Officials Represent Saint Lucia In Japan

GIS:-  Two high-level officials are representing Saint Lucia in Japan from February 3 to 9, at the financial bid opening, contract negotiation, and contract signing for the Cul De Sac Bridge Project.

The Permanent Secretary in the Department of Infrastructure, Mr. Ivor Daniel, will be accompanied by Chief Engineer, Mr. Albert Jn. Baptiste, at the invitation and expense of the of the Government of Japan.

This is consistent with the rule of public accountability and transparency, as the Cul De Sac Bridge Reconstruction Project is subject to International Bidding Laws and the financial regulations of both Japan and Saint Lucia.

The project will reduce bridge closures due to flooding, and stabilize the volume of transportation by widening and lengthening the existing bridge, which is expected to strengthen socioeconomic development and make the arterial road more resilient to natural disasters.

The project includes road realignment work, expansion of the existing bridge and construction of a proposed roundabout.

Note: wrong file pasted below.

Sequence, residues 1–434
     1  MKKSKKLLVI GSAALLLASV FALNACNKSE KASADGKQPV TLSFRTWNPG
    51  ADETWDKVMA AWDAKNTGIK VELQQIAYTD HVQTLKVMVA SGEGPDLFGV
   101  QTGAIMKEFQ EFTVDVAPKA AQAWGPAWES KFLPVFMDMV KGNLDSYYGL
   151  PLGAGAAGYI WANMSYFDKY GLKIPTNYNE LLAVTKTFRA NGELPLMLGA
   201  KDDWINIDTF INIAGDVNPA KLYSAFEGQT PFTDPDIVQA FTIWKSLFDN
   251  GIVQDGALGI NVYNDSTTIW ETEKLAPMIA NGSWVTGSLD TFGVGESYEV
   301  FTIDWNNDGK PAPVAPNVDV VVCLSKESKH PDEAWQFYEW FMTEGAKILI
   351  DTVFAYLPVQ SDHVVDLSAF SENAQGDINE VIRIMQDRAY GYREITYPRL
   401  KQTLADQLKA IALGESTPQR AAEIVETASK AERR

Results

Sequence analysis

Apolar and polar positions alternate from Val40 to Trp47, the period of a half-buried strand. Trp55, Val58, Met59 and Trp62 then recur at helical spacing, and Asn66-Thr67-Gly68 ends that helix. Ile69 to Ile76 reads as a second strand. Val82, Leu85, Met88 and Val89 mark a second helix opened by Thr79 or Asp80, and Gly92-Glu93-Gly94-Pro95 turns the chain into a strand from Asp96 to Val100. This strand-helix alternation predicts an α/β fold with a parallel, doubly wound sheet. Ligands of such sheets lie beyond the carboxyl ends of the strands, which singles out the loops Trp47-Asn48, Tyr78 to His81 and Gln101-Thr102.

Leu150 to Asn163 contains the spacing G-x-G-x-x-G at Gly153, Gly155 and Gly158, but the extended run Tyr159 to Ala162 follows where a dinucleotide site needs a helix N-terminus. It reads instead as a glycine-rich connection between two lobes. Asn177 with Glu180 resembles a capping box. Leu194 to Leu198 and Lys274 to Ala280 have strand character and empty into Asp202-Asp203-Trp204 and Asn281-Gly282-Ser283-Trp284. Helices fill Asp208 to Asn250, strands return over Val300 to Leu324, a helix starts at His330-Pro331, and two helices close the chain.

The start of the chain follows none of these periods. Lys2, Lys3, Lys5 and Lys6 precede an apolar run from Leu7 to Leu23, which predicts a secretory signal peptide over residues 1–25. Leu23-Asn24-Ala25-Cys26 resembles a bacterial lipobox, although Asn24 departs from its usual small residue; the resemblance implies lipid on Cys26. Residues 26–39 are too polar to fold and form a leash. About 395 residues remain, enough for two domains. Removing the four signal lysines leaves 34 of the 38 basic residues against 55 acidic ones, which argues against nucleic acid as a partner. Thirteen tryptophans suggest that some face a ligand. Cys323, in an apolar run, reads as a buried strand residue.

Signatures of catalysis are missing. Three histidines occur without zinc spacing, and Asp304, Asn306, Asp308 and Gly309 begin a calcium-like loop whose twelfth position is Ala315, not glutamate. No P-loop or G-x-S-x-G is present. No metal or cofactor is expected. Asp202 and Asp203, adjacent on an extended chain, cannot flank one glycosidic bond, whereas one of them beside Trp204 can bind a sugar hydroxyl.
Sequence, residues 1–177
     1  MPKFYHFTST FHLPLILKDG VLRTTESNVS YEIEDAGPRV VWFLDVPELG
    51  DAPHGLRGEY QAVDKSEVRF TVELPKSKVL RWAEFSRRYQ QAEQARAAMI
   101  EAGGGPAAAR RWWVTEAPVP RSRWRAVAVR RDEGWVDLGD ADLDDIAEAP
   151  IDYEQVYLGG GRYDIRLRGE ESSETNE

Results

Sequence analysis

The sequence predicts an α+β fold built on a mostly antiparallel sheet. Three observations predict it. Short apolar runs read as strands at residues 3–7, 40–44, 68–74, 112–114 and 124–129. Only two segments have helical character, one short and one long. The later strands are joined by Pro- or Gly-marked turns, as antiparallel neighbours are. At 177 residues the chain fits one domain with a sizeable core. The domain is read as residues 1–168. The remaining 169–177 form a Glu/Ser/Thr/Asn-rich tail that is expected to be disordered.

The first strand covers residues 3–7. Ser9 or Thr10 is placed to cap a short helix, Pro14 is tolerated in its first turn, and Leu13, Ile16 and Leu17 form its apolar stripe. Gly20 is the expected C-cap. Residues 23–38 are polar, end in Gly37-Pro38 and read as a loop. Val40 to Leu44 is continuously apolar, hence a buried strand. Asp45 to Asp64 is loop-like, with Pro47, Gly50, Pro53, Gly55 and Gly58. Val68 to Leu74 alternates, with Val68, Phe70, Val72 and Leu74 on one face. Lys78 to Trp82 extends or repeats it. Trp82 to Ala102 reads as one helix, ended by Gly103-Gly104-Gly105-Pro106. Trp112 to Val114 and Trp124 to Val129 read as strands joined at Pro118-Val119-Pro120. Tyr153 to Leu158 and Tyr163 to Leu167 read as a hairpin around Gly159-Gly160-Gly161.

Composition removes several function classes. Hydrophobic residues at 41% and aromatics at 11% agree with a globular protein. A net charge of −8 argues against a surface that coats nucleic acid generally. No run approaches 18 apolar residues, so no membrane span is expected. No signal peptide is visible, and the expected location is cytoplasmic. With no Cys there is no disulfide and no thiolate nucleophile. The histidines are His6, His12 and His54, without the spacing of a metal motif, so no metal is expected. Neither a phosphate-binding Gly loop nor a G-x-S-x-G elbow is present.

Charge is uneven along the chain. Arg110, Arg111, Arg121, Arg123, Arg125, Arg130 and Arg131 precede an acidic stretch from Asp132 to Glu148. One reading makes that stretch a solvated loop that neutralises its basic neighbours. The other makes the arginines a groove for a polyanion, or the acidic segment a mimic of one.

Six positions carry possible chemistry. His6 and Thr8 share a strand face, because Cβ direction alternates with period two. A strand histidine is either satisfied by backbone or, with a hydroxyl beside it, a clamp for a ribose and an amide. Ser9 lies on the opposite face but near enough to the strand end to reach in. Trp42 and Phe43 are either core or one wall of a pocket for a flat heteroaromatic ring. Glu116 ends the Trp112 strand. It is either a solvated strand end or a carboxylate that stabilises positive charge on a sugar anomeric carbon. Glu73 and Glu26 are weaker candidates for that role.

JICA has appointed a Japanese Consultant to design and provide costings for the new bridge which will be built by a Japanese Construction Firm, with support from Saint Lucian professionals.

The Department of Infrastructure will provide supervision and oversight during the execution of the project which is now in the procurement phase. The Department of Infrastructure wishes to assure citizens that the construction of a new bridge in Cul De Sac will be done in accordance with global standards.

Government expresses gratitude to the Japan International Cooperation Agency (JICA) for supporting the further advancement of Saint Lucia, by providing grant funding for this vital infrastructure project.

1 COMMENT

  1. I was born and spent several of my formative years in Cul de Sac. I often reminisce about the “old days” when older folk from the area (both sexes) would line up on the bridge fishing in what used to be a well watered river- a popular village pass time. Truth be told, that was an essential means of subsistence, particularly among farm workers who were affected by the hiatus that accompanied the transition between the phasing out of Sugar Industry and the advent of the Banana Industry. I hope that the structure that is to be built will in someway encapsulate that iconic aspect of our history.

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